Writers are like magpies. They gather their own experiences, couple them with tons and tons of research, and come up with a distinctive realm that they hope will draw readers into their stories. How do they do it?
The old adage, “Write What You Know” holds a lot of merit. As an author, I try to follow it whenever I can. For example, I don’t set my stories in Paris, because I’ve never been there. I couldn’t do the city, or the people, justice. And as much as I love to read Regencies, I’ve only been to England once. That doesn’t make me an expert on all things British. However, I do know the United States, especially California. Being a native Californian, I’ve travelled up and down and all around this state. Coincidentally, that’s where my latest release, UNDERCOVER WITH THE NANNY, takes place.
The heroine, Kate Munroe, lives in a little beach community near the border of California and Mexico. I haven’t been down that way in a long time. When I did my research, I found that the town of Imperial Beach was the closest to the Mexican border. I scoured pictures of it on the internet, and even thought about driving down there for authenticity. And then, I had a brain blast. Why not use a town I have been to, Carlsbad, as my reference? Use that author’s device of Creative License. I gave myself a mental high five.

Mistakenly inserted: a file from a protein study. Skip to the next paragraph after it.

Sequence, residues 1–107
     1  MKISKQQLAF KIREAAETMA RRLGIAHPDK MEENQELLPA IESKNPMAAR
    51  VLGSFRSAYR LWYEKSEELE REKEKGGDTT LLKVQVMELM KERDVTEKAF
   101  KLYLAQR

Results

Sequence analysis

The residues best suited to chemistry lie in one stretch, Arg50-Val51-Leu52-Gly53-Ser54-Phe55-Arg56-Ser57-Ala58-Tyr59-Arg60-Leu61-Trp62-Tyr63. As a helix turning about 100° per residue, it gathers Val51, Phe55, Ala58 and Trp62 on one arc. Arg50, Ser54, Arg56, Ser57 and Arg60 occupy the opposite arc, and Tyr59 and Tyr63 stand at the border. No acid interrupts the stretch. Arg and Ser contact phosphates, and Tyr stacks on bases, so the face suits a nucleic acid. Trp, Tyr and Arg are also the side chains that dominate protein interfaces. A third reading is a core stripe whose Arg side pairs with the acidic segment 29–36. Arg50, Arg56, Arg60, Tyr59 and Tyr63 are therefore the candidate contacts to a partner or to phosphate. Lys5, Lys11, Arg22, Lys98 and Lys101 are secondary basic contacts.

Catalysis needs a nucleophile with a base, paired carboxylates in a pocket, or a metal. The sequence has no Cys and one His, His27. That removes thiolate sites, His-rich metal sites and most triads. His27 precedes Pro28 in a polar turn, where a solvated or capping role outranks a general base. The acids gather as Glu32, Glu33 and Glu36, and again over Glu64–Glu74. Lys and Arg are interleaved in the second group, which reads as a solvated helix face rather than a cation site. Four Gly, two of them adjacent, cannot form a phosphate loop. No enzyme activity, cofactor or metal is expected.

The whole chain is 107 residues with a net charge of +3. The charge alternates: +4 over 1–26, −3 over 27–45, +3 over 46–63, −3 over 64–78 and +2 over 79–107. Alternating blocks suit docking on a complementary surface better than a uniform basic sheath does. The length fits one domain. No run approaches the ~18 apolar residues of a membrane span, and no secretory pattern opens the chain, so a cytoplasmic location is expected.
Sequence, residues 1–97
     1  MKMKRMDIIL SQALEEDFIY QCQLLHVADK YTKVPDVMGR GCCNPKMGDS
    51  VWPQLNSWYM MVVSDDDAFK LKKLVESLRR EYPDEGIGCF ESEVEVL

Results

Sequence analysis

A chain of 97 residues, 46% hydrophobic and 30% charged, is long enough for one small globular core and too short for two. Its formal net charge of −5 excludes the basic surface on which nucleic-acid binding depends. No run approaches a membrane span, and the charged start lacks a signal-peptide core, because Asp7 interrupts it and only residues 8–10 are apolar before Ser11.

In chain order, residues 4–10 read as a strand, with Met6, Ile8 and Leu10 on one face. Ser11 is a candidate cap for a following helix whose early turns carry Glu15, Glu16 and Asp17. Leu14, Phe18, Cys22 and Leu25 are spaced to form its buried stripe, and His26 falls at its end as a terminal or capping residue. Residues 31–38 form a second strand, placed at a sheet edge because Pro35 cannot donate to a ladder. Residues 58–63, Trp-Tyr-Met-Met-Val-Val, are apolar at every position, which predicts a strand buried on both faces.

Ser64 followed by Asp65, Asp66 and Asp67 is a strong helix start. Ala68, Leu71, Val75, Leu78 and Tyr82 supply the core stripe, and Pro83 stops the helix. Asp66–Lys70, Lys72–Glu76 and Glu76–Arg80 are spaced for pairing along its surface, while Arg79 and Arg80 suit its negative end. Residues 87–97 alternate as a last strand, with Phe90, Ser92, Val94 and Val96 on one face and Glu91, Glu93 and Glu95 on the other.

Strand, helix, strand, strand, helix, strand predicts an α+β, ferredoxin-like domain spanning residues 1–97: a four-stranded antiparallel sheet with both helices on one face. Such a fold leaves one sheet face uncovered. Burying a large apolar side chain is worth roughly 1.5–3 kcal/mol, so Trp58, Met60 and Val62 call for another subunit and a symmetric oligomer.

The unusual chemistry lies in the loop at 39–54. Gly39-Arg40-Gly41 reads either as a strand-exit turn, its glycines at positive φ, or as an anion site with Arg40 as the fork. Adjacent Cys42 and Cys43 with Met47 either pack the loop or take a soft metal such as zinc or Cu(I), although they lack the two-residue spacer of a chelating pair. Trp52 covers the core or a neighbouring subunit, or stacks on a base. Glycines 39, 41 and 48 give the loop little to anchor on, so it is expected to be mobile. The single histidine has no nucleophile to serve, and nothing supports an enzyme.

If you’ve ever been to Carlsbad, you’ll know that it’s a slow-paced little coastal town. It has a tree-lined main street, with quaint little shops and restaurants that invite you to browse and maybe stop for a bite to eat. In my book, Kate takes our hero, Sawyer Hayes, to a little Mexican restaurant that fronts that jacaranda-lined street, and it’s just as he describes it: “It looks like a piñata ready to burst.”
Bright, primary hues bombard your eyes when you enter. Family photos adorn the walls. Interspersed between them are folk art and colorful sarapes draping any barren spots. The tables are cozy, and the bar crouches at the back of the restaurant, perhaps the length of a kitchen island at most. Canned Mexican music fills the space.